Electronic speckle pattern interferometry
The Electronic speckle pattern interferometry (ESPI), Eng. Electronic Speckle Pattern Interferometry is an interferometric measuring method for the non-contact measurement of optical path changes. These can e.g. B. caused by surface deformations of components. ESPI is used for stress and strain measurement, for vibration analysis and for non-destructive material testing.
Electronic speckle pattern interferometry was proposed independently by Butters and Leendertz, Schwomma and Macovski, Ramsey and Schaefer in the early 1970s. A driver for these developments was the desire to use the recently discovered holographic interferometry (see article Holography) from the time-consuming wet chemical development of exposed photographic plates by using an electronic camera directly. This is possible by dispensing with the three-dimensional information content of holograms (this is not important for most metrological applications). Initially, analog cameras were used to record images; in the older literature the process is also known as "TV holography". This "analog" phase of ESPI development is well summarized in Lokberg's article. Later digital cameras were used, and the phase shifting methods known from classical interferometry and holographic interferometry were also introduced into speckle interferometry for quantitative phase determination.
Principle using the example of out-of-plane deformation measurement
A laser beam is split into the reference wave and the object wave with a beam splitter (see picture).
The object to be examined is illuminated with the expanded object wave. The object wave diffusely scattered by the object is focused with a lens on the light-sensitive surface of a camera and there interferes with the reference wave. Today mainly CCD and CMOS cameras are used.
The source point of the reference wave is ideally in the center of the imaging optics. By closing the diaphragm, the size of the speckle (or the spatial frequency spectrum of the interference figure on the camera target) can be adapted to the resolution of the camera. From a holographic point of view, this arrangement can also be referred to as image field holography with in-line reference wave. Two images (interferograms) are recorded. The load on the object is changed slightly between the shots. This can e.g. B. thermally (heating or cooling), or by mechanical deformation. The first image is referred to below as A (x, y) , the second as B (x, y) . The two recordings are subtracted from each other point by point in the computer, then the absolute amount is formed:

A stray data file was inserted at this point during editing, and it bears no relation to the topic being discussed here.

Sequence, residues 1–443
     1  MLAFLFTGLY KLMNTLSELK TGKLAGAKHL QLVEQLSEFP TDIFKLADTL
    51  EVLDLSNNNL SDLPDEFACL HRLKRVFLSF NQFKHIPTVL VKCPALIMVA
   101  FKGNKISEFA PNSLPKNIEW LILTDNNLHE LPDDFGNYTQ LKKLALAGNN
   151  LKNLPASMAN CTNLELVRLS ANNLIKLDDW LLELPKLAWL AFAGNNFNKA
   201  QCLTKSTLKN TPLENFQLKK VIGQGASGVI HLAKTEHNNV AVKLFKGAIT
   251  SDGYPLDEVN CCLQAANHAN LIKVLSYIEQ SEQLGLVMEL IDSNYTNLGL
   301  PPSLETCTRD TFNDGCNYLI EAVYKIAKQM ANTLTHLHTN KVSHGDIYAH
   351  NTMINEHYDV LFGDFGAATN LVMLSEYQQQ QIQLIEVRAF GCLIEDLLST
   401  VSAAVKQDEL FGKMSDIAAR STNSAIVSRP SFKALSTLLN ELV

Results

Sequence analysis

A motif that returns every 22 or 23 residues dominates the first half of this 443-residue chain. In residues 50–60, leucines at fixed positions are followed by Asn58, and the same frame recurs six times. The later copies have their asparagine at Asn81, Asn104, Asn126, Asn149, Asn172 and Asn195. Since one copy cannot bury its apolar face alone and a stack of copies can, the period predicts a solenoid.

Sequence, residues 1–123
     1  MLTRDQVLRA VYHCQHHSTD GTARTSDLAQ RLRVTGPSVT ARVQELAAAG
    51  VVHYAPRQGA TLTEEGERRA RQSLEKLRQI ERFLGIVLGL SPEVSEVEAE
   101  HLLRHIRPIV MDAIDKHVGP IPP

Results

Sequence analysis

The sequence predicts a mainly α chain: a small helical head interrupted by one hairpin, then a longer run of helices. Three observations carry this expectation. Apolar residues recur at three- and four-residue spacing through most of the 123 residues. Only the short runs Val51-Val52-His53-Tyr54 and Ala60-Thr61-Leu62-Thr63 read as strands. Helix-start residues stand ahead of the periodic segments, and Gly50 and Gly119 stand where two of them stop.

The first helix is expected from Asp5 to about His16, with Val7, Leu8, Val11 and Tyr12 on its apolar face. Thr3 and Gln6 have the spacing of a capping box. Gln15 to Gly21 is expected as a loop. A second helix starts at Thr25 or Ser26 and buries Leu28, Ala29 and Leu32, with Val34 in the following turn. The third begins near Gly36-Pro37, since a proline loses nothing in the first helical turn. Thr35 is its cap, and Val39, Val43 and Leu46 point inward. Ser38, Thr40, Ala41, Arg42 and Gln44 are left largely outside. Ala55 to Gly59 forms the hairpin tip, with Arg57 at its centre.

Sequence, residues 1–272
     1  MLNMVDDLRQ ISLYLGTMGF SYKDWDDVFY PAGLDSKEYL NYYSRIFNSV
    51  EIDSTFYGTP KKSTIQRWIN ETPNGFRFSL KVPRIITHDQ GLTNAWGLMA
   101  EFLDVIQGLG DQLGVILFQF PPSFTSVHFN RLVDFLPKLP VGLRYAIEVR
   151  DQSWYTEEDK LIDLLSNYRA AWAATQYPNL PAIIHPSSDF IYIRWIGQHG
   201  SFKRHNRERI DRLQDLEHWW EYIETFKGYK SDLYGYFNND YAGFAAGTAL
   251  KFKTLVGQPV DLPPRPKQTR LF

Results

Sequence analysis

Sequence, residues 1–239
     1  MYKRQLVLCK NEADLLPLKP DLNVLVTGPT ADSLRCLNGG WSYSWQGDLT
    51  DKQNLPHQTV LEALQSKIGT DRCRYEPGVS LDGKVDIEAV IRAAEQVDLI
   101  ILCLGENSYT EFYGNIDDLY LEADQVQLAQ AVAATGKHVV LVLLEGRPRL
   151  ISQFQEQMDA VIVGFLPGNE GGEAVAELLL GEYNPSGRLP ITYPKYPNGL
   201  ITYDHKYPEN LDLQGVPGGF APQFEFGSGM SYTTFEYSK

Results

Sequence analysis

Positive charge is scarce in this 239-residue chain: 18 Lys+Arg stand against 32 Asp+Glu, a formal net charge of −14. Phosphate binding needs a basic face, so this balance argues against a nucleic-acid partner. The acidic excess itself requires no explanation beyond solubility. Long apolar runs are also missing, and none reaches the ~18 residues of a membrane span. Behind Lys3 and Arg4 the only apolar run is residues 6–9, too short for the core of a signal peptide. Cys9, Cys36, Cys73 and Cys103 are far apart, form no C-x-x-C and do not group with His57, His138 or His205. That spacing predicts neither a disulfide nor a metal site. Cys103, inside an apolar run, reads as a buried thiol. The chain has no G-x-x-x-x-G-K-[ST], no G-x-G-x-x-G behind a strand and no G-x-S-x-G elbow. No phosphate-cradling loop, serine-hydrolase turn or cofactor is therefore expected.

x and y denote the spatial coordinates.
This image correlation creates a striped pattern which has properties similar to a holographic interferogram. The figure shows such a speckle correlogram.
The object was tilted slightly between the shots. The stripes can be interpreted as contour lines of the deformation. With this setup, out-of-plane displacements (in the direction of the camera) can be measured. The distance between two neighboring strips corresponds (with perpendicular illumination) to a shift of half a wavelength .
The image subtraction is usually carried out in real time so that the user can observe changes in real time.
In-plane displacement measurement
ESPI can also be used to measure in-plane displacements, see picture.
The object is illuminated symmetrically from two sides at the same angles to the surface normal. A speckle pattern is created for each direction of illumination, both patterns interfere on the camera sensor. If parts of the object surface are now shifted parallel to the camera plane (in-plane shift), then the interference pattern also changes. A striped image is created by subtracting the two images recorded before and after the shift. The in-plane shift can be calculated from this correlation pattern.
The optical structure corresponds to that of the out-of-plane deformation measurement. The object is excited to mechanical vibrations. Vibration nodes and antinodes develop on the surface. The camera continuously records images of the surface (live images); an image subtraction, as with static deformation measurement, is not required. In the picture you can see the different oscillation states (amplitudes) from the different contrast of the speckle pattern.
- JN Butters, JA Leendertz: Holographic and Videotechniques applied to engineering measurements. In: J Meas Control. Volume 4, 1971, pp. 349-354
- O Schwomma: austrian patent 298.830 1972
- A. Macovski, D. Ramsey, LF Schaefer: Time Lapse Interferometry and contouring using Television Systems. In: Appl. Opt. Volume 10, No. 12, 1971, pp. 2722-2727
- O. Lokberg: Electron Speckle Pattern Interferometry. In: Phys Technol. Volume 11, 1980, pp. 16-22
- K. Creath: Phase shifting speckle interferometry. In: Appl Opt. Volume 4, No. 18, 1985, pp. 3053-3058
- KA Stetson, R. Brohinsky: Electro Optic holography and its application to hologram interferometry. In: Appl Opt. Volume 24, No. 21, 1985, pp. 3631-3637
- U. Schnars, C. Falldorf, J. Watson, W. Jüptner: Digital Holography and Wavefront Sensing. 2nd edition, Springer, 2014, ISBN 978-3-662-44692-8 , chapter 8, https://www.springer.com/de/book/9783662446928
- KJ Gasvik: Optical Metrology. John Wiley & Sons, 1987, ISBN 0-471-91246-8 , chapter 6.3